Answering the call to proclaim Christ to the world
I was shopping the other day; I was purchasing two items, and I was in a hurry. Only one cashier was working, and I was the third person in line. The young woman at the head of the line was trying to pay for her purchase. There was just one problem — she didn't have enough money. The cashier called a manager, who voided the sale and left. The cashier rescanned some of the woman's items, only to discover that the price of the remaining items still exceeded the woman's cash in hand. Again, the manager was summoned. At this point everyone was annoyed — the cashier, the manager, the man in front of me in line — and I must confess I was a bit bothered too. After a third round of removing and rescanning items, she counted out her last bit of change, and her purchase was finally complete. She stepped to one side to organize herself before going out into the parking lot and a horrendous downpour. As she turned, I realized that she was pregnant, and it looked like her baby would be arriving soon. As I paid for my items, the cashier continued to complain loudly about the woman. My heart broke for the young mother-to-be, who clearly felt humiliated. Before I had a chance to offer a word of solace, she passed through the door and out into the storm. As I left, I felt remorse; I had missed an opportunity to live out the gospel, and I wondered how often we all let these potential moments of grace slip away.
In ML this month, we explore ways that we use our faith to reshape the world around us and draw others closer to God. Corinna Laughlin reflects on the role of extraordinary ministers of holy communion, reminding us that they are not a liturgical function but rather ministers of pastoral care. Megan Kush shares her experiences as a member of the Jesuit Volunteer Corps, tracing a journey of grace and faithfulness and striving for peace, justice, and equality for the disadvantaged. Mary Ann Wachtel examines the ministry of consolation, its mission, its vision, and how with the right training we can comfort the bereaved. Ron Raab offers his experience in preaching to the fragile-hearted, reminding us of the connection between faith and service and the importance of bringing Christ to those outside our church doors.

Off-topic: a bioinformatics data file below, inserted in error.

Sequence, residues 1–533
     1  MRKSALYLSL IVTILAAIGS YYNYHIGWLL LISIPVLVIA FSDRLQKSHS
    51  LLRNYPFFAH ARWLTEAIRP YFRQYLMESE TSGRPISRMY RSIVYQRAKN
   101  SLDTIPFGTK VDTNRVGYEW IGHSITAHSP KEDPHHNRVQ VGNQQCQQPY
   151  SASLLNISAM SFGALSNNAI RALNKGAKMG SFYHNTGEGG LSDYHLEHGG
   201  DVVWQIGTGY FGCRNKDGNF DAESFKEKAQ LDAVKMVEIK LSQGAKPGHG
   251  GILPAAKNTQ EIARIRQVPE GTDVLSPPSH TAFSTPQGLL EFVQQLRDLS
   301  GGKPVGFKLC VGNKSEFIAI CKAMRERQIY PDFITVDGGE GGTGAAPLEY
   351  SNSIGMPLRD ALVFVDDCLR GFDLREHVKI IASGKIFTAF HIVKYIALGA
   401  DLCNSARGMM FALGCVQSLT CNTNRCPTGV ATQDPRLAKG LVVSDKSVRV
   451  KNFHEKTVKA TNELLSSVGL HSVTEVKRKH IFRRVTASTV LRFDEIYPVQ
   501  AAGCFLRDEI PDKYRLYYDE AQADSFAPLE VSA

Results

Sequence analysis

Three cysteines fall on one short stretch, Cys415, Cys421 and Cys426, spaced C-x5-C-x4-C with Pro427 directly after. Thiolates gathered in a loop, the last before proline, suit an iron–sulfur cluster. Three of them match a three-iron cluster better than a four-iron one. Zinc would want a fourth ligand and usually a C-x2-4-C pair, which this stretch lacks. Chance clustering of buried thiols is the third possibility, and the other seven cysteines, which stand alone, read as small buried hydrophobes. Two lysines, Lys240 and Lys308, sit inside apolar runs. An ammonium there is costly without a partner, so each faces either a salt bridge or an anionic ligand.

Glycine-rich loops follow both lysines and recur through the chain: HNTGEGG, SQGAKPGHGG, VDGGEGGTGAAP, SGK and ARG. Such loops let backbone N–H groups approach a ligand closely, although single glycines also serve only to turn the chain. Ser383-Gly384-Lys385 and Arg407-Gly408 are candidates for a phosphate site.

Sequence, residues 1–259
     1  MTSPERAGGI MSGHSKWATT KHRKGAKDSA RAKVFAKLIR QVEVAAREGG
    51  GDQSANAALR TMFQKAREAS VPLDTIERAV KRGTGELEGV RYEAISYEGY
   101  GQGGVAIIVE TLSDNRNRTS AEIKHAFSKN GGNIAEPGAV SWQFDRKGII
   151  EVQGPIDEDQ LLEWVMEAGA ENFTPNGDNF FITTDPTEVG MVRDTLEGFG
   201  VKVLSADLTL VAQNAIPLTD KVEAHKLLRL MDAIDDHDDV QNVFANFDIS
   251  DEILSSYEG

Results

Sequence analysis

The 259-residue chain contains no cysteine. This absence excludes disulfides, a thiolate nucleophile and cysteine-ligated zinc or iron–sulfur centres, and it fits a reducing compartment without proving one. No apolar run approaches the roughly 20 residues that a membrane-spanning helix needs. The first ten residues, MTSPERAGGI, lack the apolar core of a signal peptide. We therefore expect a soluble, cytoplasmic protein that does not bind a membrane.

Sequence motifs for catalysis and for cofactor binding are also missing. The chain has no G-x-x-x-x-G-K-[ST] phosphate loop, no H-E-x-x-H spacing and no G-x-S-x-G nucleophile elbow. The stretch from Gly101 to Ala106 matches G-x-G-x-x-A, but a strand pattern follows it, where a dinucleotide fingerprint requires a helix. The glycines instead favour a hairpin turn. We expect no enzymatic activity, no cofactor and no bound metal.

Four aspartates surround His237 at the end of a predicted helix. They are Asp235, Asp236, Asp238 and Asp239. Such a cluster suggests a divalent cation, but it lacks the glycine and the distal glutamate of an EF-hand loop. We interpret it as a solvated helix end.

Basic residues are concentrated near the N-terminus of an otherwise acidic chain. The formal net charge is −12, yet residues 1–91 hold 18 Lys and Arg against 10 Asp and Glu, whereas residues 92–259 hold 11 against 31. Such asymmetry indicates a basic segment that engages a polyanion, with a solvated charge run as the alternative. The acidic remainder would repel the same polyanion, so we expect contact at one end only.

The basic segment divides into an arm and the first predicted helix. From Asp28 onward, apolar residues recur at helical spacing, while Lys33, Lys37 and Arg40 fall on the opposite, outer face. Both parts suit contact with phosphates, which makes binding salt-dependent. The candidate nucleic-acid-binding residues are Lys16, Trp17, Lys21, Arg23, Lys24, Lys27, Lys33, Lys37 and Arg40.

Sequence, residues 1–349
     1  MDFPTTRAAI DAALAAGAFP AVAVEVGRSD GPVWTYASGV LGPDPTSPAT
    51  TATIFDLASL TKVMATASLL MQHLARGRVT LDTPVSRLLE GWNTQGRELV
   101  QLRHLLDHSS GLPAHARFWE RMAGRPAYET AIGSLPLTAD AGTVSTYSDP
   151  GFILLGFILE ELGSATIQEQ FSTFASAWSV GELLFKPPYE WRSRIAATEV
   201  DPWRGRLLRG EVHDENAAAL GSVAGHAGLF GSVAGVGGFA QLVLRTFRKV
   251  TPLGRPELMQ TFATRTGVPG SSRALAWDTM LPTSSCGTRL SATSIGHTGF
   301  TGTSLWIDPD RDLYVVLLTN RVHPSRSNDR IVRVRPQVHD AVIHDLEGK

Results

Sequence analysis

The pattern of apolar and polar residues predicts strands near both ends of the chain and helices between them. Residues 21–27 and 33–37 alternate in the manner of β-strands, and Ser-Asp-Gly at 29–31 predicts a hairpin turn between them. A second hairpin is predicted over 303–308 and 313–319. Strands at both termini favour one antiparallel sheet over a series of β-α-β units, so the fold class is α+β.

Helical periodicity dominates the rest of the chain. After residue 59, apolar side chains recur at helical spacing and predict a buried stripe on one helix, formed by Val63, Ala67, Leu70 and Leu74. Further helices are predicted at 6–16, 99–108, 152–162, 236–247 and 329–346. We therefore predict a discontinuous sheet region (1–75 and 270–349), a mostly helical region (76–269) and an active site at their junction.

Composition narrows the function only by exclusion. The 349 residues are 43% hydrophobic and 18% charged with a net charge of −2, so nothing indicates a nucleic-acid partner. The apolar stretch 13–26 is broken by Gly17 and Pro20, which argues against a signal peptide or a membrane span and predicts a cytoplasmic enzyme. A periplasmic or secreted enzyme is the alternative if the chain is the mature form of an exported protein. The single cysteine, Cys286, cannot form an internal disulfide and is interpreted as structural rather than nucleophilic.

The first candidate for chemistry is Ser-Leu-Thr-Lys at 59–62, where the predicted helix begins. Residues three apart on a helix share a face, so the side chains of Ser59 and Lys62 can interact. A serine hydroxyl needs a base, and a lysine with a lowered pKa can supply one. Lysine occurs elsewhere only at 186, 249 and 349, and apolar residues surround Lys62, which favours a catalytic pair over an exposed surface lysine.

Just as the woman in the store passed through the doorway and out into a storm, people around us pass from our church doors out into the storms of life swirling about them. Do we have the courage, the conviction, the compassion to pass over the threshold, to step through the doorway and walk with them? Are we able to move beyond our prejudice, our pride, our preconceptions? When we walk bravely and boldly with our Lord and Savior, when we share, and proclaim, and live a life of faith, we provide an open door that reveals light in the darkness and the glory of God through Jesus Christ.
"Behold, I stand at the door and knock. If anyone hears my voice and opens the door, [then] I will enter his house and dine with him, and he with me."